Catherine McAuley

Catherine McAuley
(1778 – 1841)

In September 1827 Catherine McAuley established a ‘House of Mercy’ in Baggot Street, Dublin, Ireland. There she and several companions provided food, clothing, housing and education for many of Dublin’s poor women and young girls.

In 1831, with the approval of Archbishop Daniel Murray, she and her first companions founded the Congregation of Sisters of Mercy, the house in Baggot Street serving as its first convent.

Over the then next ten years, as new co-workers presented themselves, thirteen other convents, two of them in England, were established. Invitations to found further convents were by now reaching Baggot Street from many parts of the world.

Catherine died a holy death on 11 November, 1841. Within a few decades her congregation had spread worldwide. It is still one of the largest congregations of women religious in the Church.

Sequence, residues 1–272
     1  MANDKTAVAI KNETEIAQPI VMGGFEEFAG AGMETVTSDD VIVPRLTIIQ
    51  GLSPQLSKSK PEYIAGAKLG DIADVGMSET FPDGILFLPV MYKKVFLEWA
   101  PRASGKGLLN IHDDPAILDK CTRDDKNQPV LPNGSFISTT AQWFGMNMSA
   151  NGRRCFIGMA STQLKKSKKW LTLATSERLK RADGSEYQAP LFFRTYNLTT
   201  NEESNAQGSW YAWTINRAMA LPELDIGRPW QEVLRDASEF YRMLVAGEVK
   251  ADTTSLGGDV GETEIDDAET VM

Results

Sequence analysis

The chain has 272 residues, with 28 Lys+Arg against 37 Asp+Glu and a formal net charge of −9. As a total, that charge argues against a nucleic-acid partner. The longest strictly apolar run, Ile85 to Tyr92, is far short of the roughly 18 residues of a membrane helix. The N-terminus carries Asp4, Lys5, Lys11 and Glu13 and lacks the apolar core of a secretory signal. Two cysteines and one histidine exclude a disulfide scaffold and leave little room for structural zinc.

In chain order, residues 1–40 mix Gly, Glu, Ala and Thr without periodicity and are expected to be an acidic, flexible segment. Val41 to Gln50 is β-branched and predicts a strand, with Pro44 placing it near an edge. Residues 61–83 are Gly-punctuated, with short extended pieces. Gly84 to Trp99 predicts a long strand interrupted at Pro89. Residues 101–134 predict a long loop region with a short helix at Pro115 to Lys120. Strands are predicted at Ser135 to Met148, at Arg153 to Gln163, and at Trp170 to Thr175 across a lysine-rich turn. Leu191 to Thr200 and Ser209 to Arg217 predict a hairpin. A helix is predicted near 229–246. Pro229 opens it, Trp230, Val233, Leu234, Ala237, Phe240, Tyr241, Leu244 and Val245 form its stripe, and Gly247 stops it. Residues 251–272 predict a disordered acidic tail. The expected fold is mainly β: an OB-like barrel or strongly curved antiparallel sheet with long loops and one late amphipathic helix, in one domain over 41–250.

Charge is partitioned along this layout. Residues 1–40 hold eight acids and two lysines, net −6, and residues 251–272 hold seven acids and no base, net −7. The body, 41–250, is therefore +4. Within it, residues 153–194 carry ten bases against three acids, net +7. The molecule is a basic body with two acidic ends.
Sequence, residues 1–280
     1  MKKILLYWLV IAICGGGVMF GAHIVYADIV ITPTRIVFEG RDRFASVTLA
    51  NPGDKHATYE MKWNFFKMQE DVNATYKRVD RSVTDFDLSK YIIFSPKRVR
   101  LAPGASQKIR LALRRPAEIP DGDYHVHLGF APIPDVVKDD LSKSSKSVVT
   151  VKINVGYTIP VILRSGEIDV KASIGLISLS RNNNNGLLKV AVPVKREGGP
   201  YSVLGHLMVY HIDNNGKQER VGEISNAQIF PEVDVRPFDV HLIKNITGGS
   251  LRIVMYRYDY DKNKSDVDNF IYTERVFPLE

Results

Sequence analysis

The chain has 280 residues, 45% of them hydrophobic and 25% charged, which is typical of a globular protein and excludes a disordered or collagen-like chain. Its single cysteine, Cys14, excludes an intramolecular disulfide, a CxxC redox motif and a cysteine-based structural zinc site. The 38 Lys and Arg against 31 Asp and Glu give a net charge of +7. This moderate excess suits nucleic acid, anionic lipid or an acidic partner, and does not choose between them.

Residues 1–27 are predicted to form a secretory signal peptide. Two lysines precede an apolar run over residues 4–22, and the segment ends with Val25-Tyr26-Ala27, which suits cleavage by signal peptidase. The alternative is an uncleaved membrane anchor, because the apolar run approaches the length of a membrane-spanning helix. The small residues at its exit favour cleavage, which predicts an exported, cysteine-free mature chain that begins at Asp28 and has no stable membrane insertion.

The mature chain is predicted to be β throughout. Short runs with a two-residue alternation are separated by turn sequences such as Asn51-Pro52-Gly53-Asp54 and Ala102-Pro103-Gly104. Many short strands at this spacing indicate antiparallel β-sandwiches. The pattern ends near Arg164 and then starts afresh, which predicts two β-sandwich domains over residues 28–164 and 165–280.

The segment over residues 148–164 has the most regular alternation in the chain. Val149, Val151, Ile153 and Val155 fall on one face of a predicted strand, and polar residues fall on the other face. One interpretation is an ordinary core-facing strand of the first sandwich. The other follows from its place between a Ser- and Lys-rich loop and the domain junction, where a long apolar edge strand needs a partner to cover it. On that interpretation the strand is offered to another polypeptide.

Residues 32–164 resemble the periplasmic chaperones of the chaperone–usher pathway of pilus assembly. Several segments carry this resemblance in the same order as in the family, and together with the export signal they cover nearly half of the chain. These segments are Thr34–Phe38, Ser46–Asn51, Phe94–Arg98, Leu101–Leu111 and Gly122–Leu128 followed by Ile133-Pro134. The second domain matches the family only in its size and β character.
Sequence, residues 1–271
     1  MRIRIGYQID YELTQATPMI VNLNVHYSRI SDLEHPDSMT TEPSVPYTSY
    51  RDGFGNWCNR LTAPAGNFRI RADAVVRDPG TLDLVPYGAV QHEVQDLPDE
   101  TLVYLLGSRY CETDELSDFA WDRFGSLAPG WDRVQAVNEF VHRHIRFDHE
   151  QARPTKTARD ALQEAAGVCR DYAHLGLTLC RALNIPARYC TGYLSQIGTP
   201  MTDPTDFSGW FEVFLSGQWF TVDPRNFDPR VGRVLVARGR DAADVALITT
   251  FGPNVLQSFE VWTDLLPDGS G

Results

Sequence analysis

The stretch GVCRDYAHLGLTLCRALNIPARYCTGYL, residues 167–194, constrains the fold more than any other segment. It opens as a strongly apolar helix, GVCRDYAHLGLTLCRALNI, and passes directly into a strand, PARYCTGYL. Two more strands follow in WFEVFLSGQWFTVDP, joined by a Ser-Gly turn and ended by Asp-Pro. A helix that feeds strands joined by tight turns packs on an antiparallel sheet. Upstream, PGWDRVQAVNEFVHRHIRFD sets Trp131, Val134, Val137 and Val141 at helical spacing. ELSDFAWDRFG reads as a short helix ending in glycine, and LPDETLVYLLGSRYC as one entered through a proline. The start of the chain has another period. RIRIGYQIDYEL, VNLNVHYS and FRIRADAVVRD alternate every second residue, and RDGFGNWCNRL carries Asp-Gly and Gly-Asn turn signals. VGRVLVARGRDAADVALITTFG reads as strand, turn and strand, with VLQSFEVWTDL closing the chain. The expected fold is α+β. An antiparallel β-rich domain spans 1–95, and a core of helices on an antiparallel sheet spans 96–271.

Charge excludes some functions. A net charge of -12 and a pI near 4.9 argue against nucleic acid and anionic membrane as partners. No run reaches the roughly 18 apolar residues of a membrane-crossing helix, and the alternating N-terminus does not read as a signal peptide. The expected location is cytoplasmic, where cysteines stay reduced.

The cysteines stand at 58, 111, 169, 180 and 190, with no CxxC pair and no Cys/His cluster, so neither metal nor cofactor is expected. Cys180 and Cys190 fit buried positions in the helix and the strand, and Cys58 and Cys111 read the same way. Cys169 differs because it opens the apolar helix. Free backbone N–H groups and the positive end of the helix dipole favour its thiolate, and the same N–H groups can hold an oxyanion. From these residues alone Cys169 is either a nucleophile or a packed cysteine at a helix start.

On 9 April, 1990, by decree of Pope John Paul II, Catherine McAuley, Foundress of the Sisters of Mercy, was declared Venerable, in recognition of her holy life, her love of God and her merciful work among the poor. This is a major step in naming her a saint.

Catherine McAuley once wrote: “Mercy, the principal path pointed out by Jesus Christ to those who are desirous of following him, has in all ages of the Church excited the faithful in a particular manner to instruct and comfort the sick and dying poor as in them they regarded the person of our Divine Master.” (Original Rule, approved in Rome, 1841)